Communication, leadership inspired ICU nurses to keep working during first COVID crisis
New research into nurses’ resilience conducted during lockdown of 2020
We are all in this together. It is a familiar refrain that has been repeated countless times throughout the past 18 months as the world came to grips with the COVID-19 pandemic.
But it has been particularly true for nurses, who have continued to go above and beyond throughout the health crisis.
New research from the University of Wollongong (UOW), published in Intensive & Critical Care Nursing, has shown that in the early days of the pandemic, as the world grappled with the unfamiliarity and the challenges of the coronavirus, nurses in intensive care units were willing to provide care for patients with COVID-19.
The paper was co-authored by Professor Ritin Fernandez and Professor Lorna Moxham, both from UOW’s School of Nursing, UOW PhD student Heidi Lord, and Clare Loveday from St George Hospital.
The research was conducted among nursing staff at a large hospital in Sydney, in March and April of 2020.
Professor Ritin Fernandez said ICU nurses demonstrated immense care and professionalism in the early days of the pandemic.
“In ICU, nurses are truly at the front line of a health crisis. They are providing care to critically ill patients, even when they are concerned about their own risk and that of their family.”
Regardless of their age, gender, or years of experience, the research showed nurses were largely willing to put the health and care of their patients ahead of their concern for or risk to their own health.
Sixty per cent of respondents indicated they would provide nursing care for a COVID-19 patient in ICU, at a time when community concern and fear about the pandemic was incredibly high.
One of the fundamental reasons they felt comfortable in their role was due to the level of communication with and the trust they had in their leadership.
“The study found effective communication from their leaders was really key to providing the nurses with the information they needed. At the time, the situation was changing minute by minute, and the ICU nurses felt their leaders were giving them timely and succinct information about COVID-19 and caring for a patient with COVID-19,” Professor Fernandez said.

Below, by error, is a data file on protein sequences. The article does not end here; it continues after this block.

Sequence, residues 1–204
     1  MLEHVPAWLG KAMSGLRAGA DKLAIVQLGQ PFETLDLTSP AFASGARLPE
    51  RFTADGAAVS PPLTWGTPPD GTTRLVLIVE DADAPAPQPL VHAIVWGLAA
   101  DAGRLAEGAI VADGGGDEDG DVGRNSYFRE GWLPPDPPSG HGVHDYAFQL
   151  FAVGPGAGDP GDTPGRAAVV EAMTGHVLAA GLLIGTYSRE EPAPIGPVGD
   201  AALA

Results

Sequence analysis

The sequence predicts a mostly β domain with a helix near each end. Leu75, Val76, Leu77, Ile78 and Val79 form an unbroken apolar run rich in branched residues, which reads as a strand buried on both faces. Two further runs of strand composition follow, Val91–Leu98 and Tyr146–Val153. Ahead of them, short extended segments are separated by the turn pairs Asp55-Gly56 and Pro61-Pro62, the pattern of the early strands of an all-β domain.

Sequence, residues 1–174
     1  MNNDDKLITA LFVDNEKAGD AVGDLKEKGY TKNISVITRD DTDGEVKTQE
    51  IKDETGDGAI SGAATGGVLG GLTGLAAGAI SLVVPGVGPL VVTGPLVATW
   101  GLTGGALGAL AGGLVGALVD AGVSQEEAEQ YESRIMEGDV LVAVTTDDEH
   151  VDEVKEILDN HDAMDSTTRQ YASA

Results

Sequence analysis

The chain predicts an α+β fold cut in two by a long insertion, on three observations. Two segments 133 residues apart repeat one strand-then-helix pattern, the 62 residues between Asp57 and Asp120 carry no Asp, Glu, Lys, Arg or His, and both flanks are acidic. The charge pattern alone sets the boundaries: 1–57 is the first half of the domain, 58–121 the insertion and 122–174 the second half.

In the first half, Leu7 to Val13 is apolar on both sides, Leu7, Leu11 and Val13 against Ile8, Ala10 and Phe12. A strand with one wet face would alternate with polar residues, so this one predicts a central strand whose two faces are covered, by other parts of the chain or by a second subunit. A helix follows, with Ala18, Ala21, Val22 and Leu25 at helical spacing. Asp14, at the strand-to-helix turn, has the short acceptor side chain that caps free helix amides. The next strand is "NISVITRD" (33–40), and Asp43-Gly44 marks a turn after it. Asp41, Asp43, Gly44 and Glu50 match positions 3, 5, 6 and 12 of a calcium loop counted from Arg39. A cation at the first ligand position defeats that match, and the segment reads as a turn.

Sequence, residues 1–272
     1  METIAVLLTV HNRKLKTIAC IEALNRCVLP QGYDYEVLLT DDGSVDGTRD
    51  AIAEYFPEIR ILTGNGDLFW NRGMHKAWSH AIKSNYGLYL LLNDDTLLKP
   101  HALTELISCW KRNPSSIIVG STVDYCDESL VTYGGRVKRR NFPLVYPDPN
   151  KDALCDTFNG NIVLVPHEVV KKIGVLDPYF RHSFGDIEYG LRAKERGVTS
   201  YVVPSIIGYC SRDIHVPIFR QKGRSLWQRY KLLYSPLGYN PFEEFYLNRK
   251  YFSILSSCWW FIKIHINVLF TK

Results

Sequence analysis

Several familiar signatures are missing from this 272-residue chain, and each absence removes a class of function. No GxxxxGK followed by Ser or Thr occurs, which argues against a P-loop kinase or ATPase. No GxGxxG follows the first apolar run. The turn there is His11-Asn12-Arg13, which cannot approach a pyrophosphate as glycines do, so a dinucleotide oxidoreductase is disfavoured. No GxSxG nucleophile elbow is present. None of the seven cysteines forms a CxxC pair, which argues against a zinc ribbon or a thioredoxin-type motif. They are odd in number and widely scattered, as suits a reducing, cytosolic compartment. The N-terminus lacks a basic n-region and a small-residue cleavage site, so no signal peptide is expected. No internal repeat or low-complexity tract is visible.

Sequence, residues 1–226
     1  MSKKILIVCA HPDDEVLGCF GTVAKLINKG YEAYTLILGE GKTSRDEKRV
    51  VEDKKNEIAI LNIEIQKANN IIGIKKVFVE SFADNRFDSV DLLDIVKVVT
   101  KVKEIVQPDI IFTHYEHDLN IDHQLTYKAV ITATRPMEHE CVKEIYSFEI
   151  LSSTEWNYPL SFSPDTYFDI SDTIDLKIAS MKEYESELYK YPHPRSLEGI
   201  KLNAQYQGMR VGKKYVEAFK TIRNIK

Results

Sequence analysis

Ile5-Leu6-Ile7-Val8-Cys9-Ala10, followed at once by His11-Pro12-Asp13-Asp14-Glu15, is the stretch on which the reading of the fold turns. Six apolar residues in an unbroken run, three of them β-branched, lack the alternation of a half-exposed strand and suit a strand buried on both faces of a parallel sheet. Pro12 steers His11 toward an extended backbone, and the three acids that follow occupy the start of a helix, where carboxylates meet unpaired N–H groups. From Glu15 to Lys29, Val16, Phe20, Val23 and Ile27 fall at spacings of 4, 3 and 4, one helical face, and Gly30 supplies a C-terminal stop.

“It is the main reason why they continued to work in ICU during the pandemic, because they felt very confident in their leadership. The study shows that communication is incredibly important during a public health emergency.”
Professor Fernandez said nurses have demonstrated tremendous resilience throughout the pandemic and into the current outbreak, at a time when people’s fears are once again heightened and the media environment is intense.
“We often think, ‘they’re nurses, it’s their job to look after people’. But the truth is that a nurse can choose to work anywhere. If they do not want to work in ICU, they can work in a different part of the hospital which is at a lower risk for COVID-19 infections,” she said.
“But they decided to continue working in ICU, in a position that risked their health and that of their family, which was a huge concern for them, even as the country was in a really uncertain time,” she said.
“We know more about the disease now, and nurses understand it better. That resilience is still there, they continue to provide exceptional care.”
The findings from the research will help to inform future healthcare responses to the pandemic, and demonstrate the importance of effective communication in times of crisis.
“We all say that we are in this together, but it is nurses who put that into action,” Professor Fernandez said.
“Nurses will put their hands up every single time if it’s in the best interest of their patients.”
About the research
‘Effective communication is key to intensive care nurses’ willingness to provide nursing care amidst the COVID-19 pandemic’, by Heidi Lord, Clare Loveday, Lorna Moxham, and Ritin Fernandez, was published in Intensive & Critical Care Nursing.